By Rich Loeber
A conference speaker at a security forum that I attended some time ago posed a most interesting question. He asked the simple question "What is your security policy?". I wondered what he might be getting at since the audience was made up of information technology security experts. He went on to propose the idea that most security departments are more involved in security implementation than they are in enforcing security policy. The tail, in effect, wagging the dog.
A security policy is a set of statements that describes how you view information security for your installation. In each application area, the policy should describe how information created and stored in the application is going to be treated from a security perspective. It might include statements such as "Only Payroll department employees can update payroll data", or "Accounts payable vouchers can only be entered and maintained by employees in the Accounting department". As you consider your various policies, your Security Policy will roll out over time to include all aspects of information security.
The conference speaker I heard indicated that most IT security is determined and implemented by IT staff people with little input from the user departments. This kind of security implementation, like any IT initiated application implementation, is destined to fail without user department participation. Only the true owners of the data being secured can accurately create a security policy for their information.
If you don't have a security policy in place, this might be a good time to think about creating one. For your policy, you should consider all applications on your system including the operating system and system utilities. For each application area, you should identify the owner of record and then meet with them to determine the security rules that should be in place. The end user/owner of the application will probably know a lot more than you think about what applies to their information and how it needs to be secured. Often, additional legal and operational situations will be known at the end-user level that your centralized IT security group is completely ignorant of.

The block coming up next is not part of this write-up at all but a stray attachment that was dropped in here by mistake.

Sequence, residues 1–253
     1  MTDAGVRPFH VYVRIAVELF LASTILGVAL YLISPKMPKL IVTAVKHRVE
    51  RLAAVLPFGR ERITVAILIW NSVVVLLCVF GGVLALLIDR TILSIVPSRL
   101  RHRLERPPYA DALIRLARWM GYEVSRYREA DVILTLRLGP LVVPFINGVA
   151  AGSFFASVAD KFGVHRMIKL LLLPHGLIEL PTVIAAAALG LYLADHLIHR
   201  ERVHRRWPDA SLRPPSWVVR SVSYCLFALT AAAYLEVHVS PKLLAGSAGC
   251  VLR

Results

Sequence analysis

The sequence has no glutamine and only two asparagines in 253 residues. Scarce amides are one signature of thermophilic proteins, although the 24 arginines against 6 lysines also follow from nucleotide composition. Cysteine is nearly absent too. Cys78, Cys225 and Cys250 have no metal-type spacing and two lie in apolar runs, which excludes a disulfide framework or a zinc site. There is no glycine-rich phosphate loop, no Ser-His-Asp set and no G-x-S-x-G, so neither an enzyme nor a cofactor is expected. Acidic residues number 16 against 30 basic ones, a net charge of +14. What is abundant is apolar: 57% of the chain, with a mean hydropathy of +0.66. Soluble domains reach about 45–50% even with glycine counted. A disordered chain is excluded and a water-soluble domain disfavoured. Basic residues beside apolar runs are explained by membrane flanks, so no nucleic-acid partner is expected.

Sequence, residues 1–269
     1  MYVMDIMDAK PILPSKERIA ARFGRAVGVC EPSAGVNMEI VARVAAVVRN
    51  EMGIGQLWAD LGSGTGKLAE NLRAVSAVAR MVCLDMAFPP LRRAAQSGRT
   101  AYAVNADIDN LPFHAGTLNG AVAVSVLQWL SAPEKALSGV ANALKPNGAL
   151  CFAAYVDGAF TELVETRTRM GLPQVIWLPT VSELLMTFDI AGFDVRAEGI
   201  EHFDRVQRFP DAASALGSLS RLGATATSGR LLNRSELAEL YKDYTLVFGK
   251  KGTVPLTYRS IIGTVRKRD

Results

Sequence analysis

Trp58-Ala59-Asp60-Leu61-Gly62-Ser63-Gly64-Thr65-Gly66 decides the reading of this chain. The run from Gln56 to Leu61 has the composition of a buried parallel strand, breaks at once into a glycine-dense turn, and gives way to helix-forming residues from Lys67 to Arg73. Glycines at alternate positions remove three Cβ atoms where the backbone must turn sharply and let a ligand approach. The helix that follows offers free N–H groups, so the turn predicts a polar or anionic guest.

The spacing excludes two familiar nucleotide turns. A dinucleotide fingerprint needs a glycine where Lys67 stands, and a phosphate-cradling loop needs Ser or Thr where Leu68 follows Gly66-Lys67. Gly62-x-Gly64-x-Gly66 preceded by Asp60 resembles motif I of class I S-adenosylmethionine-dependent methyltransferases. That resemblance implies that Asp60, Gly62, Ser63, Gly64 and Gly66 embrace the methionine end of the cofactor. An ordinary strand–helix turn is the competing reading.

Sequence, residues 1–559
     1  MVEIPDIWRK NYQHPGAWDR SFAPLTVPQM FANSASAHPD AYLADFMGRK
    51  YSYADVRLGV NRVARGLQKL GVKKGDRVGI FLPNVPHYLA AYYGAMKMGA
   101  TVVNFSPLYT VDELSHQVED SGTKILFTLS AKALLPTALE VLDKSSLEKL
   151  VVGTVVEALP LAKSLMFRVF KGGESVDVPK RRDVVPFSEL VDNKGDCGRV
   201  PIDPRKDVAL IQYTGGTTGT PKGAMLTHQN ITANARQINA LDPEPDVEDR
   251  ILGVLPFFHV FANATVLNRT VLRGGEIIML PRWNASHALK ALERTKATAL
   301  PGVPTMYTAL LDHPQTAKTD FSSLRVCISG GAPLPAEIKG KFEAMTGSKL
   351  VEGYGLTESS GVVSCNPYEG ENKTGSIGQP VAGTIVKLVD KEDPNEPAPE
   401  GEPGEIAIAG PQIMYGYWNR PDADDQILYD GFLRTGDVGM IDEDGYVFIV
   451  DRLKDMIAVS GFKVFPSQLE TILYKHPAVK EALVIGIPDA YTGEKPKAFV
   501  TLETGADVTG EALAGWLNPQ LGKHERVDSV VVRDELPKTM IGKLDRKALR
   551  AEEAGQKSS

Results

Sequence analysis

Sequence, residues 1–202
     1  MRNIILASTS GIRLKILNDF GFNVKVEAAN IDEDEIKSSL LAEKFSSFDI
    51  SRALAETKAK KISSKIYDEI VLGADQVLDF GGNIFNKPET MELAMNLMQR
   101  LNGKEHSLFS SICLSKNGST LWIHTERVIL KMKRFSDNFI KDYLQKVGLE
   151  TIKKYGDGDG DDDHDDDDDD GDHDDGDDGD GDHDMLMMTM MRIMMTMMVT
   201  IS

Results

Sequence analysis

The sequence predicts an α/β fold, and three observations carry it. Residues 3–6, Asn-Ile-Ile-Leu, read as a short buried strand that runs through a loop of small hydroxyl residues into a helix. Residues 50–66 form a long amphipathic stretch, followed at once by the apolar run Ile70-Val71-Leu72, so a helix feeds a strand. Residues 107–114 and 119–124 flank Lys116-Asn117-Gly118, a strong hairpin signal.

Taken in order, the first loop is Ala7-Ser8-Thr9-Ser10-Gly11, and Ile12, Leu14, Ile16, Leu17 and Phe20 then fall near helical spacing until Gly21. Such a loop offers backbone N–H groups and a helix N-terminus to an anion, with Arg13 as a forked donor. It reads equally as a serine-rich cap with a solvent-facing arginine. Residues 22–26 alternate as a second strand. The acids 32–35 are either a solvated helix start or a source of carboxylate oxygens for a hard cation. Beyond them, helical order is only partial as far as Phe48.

Your security policy will end up being a series of descriptive statements about the information associated with each application area. Once you have this in place, you can then review your security implementation, which is probably already in place to some extent, and see where your practice falls short of your policy. You may identify areas on your system where your implementation falls far short of the policy objectives. When this happens, you'll need to involve your application owner to see what needs to be done to meet the policy. Additional security tools may be required or tighter implementation of existing tools may do the trick.
You may even find areas where your implementation is stronger than what the policy states as a requirement. For these situations, the additional security may not be necessary and could be resulting in administrative burdens that can be relieved by backing off on your implementation.
As you can see, without a stated security policy, you cannot effectively implement information security for your installation. The only people who really know the requirements are probably not in the information security or IT departments. So, get out there and get your policy down on paper, properly defined. Then see if your implementation measures up to your requirements.
If you have any questions about this topic, feel free to reach me at rich at kisco.com. I'll try to answer your questions. All email messages will be answered.